“I've never been very good at managing my finances,” admits Denise, a consultant who, along with her husband, fell into $52,000 worth of unsecured debt. “This was something that wasn't taught as I was growing up. As I grew up and became independent, I began to apply for credit cards, spending money on purchases and then paying the minimum amount due.”
“I've always been blessed with decent paying jobs, but never in my life actually put a budget into action.”
Denise and her husband misused credit cards. Despite both having steady income, they found themselves living paycheck to paycheck. “Often times I would use credit cards to buy groceries and necessities and fell further and further into debt.”
Denise and her family found themselves walking a very common financial tightrope. They were doing just well enough to keep pushing forward. It was dangerous, but they made due…until Denise’s husband lost his job. That was the stiff breeze that finally pushed them off the tightrope.
To make ends meet, they dipped into Denise’s husband’s 401(k). He eventually got a new job, but the damage had been done.
“Still no budget,” says Denise. “We just blew through his 401(k).”
There were penalties to pay for the early withdrawals. The new job was freelance work, with no taxes withheld, which left the family with a sizable tax bill come the spring. Denise began to feel like they were never going to get out of debt.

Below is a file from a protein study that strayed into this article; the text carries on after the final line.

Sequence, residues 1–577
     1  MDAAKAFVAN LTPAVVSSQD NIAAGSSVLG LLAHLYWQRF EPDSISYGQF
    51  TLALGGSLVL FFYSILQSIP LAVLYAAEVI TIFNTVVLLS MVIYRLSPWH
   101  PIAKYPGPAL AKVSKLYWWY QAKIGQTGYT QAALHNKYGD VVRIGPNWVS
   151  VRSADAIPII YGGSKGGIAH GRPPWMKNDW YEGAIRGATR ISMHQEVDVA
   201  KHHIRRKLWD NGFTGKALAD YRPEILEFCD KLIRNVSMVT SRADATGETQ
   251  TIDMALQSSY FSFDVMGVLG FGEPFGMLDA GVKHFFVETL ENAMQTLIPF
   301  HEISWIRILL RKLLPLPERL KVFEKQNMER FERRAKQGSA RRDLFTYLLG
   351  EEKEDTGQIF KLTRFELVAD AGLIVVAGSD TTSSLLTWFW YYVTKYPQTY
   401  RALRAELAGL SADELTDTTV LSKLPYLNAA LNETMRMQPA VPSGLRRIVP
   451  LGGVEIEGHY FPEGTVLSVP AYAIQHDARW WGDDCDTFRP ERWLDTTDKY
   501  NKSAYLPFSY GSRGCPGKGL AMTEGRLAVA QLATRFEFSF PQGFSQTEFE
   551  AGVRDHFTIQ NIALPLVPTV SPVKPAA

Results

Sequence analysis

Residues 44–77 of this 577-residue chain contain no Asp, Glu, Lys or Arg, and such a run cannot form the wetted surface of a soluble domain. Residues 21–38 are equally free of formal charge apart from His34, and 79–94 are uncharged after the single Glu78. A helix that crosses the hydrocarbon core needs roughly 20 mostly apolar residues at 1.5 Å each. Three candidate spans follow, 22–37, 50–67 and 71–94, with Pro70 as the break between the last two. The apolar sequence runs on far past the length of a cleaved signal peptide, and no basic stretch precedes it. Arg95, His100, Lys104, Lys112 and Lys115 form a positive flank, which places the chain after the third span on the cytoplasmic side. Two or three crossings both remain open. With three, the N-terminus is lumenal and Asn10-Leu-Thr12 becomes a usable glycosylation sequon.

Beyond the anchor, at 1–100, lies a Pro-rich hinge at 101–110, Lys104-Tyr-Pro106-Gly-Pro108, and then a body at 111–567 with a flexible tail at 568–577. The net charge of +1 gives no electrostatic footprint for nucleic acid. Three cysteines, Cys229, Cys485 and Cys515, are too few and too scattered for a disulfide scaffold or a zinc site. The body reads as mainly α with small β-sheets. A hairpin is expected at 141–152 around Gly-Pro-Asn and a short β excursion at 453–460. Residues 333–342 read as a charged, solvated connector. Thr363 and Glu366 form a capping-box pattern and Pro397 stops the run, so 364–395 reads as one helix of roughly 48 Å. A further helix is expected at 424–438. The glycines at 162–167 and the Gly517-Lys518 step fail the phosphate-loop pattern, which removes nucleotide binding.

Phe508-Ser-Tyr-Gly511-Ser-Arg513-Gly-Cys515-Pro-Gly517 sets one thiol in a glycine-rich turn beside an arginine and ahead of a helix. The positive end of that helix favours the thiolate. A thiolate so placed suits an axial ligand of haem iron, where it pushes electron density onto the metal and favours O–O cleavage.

Denise’s brother told her about Money Management International. She started her debt management plan in 2012. At the same time she switched jobs, a positive change that gave her more time to think about her finances – specifically all the little mistakes she’d made over the years that had contributed to her debt problems.
“I managed the finances and did a horrible job communicating where we stood financially,” says Denise. In truth, she was afraid of her debt.
“I never want to go back to being afraid to look at where I stand financially. Ignoring it only makes the situation ten times worse.”
Finally debt-free, Denise feels the experience has drastically changed her approach to personal finance. Her fear is gone, replaced by optimism and watchfulness. “I want to be financially responsible and retire with sufficient income to survive,” she says.
Nowadays, Denise likes to keep herself in check by recording her spending on a daily basis and reviewing it against her budget at the end of the month. “I love the fact that I know where my money goes. This doesn't mean that I hit my budget goals on a monthly basis, but I always know where the money is being spent.”
“I only wish that more people that are in my situation knew that there are options out there.”
Denise is a real client. Her success is a result of her hard work. Similar success is not guaranteed.